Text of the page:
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Vol. 5 No. 19
The Great Illusion
A visitor entering the Mishkon, and later the Beis ha'Mikdosh, might have been excused for believing that the most important piece of furniture (described by the Torah as vessels) was the Mizbei'ach ha'Nechoshes - the large copper altar. After all, with the two daily communal sacrifices that were brought on it, a host of extra ones every Shabbos, Rosh Chodesh and Yom-tov, and the numerous private offerings - both voluntary and obligatory - that one imagines to have been brought daily, incorporating animal, bird and flour-offerings, the Mizbei'ach must have been in constant use, with a host of Cohanim in regular attendance. For sheer hustle and bustle, none of the other vessels could compare with it - the small, golden altar was used only twice daily, for the morning and afternoon incense, and so was the Menorah, which was prepared each morning and lit each evening. And as for the Table, the breads lay there untouched for a whole week, to be replaced only on Shabbos. The impression gained was most certainly that none of the vessels could compete with the copper Mizbei'ach for importance.
And which of the vessels was the least significant? The visitor would not hesitate to tell you that it was the Oron - assuming that is, that he was aware of the Oron's existence.
The Oron, he would tell you, remained hidden, untouched, unserved, and even unseen, and it was only once a year - on Yom Kipur - that the Cohen Godol would spend a short time in the Kodesh Kodshim, be briefly exposed to the Oron, and leave, to keep his distance for another twelve months - until next Yom Kipur. Clearly then, the Oron played only a minor role in the smooth running of the avodah in the Mishkon.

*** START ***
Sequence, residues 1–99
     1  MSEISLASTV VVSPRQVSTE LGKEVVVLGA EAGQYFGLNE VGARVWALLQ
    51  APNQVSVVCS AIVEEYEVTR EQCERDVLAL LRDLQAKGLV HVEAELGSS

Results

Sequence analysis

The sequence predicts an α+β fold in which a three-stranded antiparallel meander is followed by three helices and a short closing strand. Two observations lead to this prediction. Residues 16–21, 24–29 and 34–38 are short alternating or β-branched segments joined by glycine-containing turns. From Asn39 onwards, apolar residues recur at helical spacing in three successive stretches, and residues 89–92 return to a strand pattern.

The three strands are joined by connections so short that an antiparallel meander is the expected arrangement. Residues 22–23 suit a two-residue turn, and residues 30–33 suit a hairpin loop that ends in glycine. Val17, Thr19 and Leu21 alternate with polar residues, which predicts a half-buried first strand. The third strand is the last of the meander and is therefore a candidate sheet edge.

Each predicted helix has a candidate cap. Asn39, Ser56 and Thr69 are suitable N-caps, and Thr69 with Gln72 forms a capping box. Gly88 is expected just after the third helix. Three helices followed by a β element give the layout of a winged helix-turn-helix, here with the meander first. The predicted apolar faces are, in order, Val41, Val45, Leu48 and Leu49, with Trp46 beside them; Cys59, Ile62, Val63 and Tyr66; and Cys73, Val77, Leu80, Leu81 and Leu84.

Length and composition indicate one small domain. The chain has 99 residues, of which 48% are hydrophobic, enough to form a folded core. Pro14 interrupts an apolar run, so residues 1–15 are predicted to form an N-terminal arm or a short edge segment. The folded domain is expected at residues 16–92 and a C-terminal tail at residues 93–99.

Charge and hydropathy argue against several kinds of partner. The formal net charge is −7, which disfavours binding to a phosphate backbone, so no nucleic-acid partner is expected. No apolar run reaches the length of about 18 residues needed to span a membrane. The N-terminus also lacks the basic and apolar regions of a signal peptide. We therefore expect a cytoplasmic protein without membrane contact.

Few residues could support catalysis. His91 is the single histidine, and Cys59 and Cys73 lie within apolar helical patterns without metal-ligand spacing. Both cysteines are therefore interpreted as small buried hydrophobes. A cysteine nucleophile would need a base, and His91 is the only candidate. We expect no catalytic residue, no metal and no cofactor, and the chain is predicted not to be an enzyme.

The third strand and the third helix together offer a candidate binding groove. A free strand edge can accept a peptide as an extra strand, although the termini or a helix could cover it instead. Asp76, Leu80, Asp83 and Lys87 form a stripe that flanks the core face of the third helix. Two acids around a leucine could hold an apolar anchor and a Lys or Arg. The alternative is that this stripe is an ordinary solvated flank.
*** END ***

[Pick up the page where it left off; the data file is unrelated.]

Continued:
What an illusion! The Oron was the key to the workings of the entire Mishkon. Not only was it the vessel (in its capacity as the home of the Luchos and the Torah) on whose behalf the Mishkon was built, but it was the vessel, more than any other, that was responsible for the Mishkon's functioning. If not for the Oron, there would have been no Mishkon (as is evident from the Medrash, which describes Hashem's request to build Him a house so that He could be near His daughter - the Torah), and if not for the Oron, the Mishkon would not have been functional, since Hashem's communication with Yisroel through Moshe, took place via the lid of the Oron (see Sh'mos 25:22).